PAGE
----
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Alzheimer's disease treatment

3-minute read

There is currently no cure for Alzheimer's disease, but there are medicines available on prescription that can help delay the condition's progression in some people.

Non-drug therapies such as physical activity, social contact and stress management, may also be of help.

Treatment for Alzheimer's disease may also involve planning for your care. This identifies the type of assistance that you might need, and focuses on ways of providing this support.

Medicines

Medicines that may be prescribed for Alzheimer's disease includes:

Whether these medicines are used will depend on a number of factors, such as the severity of your Alzheimer's disease.

In the first instance, these medicines can only be prescribed by a specialist who has experience in treating dementia, such as a:

  • psychiatrist – a doctor who specialises in treating mental health conditions
  • neurologist – a doctor who specialises in treating conditions that affect the nervous system (the brain and spinal cord)
  • geriatrician – a doctor who specialises in care for the elderly.

After this, your GP may be able to repeat your prescription, and you may be monitored by both your specialist and your GP.

Mild to moderate Alzheimer's disease

If you have mild to moderate Alzheimer's disease you may be prescribed one of the following medicines:

  • donepezil
  • galantamine
  • rivastigmine.

These medicines are known as 'acetylcholinesterase (AChE) inhibitors'. They work by boosting levels of a brain chemical that is important for memory, called acetylcholine.

Moderate to severe Alzheimer's disease

Memantine may be prescribed for people with moderate Alzheimer's disease who cannot take AChE inhibitors or for people with severe Alzheimer's disease.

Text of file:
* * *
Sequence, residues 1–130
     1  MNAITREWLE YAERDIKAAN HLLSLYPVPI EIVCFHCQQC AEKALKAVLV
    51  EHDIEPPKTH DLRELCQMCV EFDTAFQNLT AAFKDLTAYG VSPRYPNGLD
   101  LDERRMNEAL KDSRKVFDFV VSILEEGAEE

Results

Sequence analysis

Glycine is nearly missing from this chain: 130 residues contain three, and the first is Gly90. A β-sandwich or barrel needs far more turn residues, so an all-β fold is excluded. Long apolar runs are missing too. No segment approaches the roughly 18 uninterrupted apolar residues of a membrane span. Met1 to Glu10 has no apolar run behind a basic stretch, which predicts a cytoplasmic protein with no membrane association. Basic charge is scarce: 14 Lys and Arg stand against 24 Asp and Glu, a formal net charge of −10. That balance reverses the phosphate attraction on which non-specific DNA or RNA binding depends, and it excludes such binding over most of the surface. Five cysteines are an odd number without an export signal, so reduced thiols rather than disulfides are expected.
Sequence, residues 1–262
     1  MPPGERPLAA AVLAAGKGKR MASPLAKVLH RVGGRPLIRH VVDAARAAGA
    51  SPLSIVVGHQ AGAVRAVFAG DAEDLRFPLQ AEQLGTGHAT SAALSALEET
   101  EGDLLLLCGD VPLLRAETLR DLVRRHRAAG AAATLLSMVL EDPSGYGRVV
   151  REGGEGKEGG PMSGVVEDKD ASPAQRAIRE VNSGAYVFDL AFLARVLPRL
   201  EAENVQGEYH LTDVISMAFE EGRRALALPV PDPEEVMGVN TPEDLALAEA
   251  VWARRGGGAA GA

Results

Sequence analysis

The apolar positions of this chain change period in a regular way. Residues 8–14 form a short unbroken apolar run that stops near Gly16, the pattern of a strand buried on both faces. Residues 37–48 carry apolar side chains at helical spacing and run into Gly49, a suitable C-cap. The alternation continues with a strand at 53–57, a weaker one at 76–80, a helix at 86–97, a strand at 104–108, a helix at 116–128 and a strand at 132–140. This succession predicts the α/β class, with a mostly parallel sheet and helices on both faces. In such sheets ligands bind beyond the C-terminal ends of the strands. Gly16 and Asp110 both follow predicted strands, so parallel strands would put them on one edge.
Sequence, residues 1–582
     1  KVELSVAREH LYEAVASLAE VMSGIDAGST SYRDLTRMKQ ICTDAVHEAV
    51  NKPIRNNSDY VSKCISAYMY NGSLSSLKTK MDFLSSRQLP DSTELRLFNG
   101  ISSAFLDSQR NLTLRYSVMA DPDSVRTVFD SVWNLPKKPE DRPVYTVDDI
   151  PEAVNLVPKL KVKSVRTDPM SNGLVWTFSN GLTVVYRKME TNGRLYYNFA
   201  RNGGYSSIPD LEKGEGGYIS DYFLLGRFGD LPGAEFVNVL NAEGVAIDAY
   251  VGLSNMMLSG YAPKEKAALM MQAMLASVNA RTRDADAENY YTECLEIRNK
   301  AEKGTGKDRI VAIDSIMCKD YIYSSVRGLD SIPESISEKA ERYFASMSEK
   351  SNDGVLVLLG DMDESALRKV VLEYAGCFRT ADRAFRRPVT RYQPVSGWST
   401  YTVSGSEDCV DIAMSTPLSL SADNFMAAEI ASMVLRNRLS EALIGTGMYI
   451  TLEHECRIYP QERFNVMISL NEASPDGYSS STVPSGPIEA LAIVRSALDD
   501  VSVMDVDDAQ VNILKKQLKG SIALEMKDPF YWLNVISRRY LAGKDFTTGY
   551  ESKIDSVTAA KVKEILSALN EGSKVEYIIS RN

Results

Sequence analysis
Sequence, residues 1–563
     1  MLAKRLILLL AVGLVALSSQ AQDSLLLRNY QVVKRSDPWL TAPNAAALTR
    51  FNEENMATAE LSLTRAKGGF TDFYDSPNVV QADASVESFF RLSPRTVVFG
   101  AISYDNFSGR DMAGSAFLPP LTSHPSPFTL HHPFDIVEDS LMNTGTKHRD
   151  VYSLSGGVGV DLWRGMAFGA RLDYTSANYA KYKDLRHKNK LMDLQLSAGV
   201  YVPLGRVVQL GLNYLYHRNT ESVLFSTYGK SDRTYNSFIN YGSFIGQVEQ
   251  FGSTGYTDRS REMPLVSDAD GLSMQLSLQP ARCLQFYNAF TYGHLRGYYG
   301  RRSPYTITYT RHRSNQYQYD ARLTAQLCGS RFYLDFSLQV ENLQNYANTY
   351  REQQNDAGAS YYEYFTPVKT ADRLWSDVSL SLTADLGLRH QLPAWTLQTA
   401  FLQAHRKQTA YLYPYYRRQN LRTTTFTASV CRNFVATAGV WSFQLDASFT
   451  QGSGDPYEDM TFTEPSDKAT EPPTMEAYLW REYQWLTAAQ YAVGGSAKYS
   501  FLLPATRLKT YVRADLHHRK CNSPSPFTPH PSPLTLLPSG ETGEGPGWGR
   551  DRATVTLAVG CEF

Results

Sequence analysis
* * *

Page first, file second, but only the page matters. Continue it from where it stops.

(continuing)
Memantine works by blocking chemicals that are often released in large amounts in people with Alzheimer's disease. These chemicals can damage nerve cells and prevent messages moving to and from the brain.

Side effects

Donepezil, galantamine and rivastigmine (acetylcholinesterase inhibitors) can cause side effects including:

  • nausea (feeling sick)
  • vomiting
  • diarrhoea 
  • headaches
  • fatigue (extreme tiredness)
  • insomnia (difficulty getting to sleep or staying asleep)
  • muscle cramps (when your muscles suddenly shorten and cause pain).

Memantine can cause side effects such as:

For more information about the possible side effects of a particular medication, refer to the patient information leaflet that comes with your medicine, or ask your doctor. 

Dementia

Alzheimer's disease is the most common form of dementia. Dementia is a syndrome (a group of symptoms) that is associated with an ongoing decline in mental abilities.

If you have been diagnosed with any other conditions as well as Alzheimer's disease, for example, depression or incontinence (when you unintentionally pass urine or stools), these may be treated separately.

Delaying dementia progress – expert advice

If you have been diagnosed with dementia, there are a range of things you can do to try to delay its progression. This can include managing pre-existing illnesses, as well as managing medications to remain as healthy as possible. Watch the video below and find out more about what can be done to delay its progression.


Read the related video transcript

Last reviewed: May 2017

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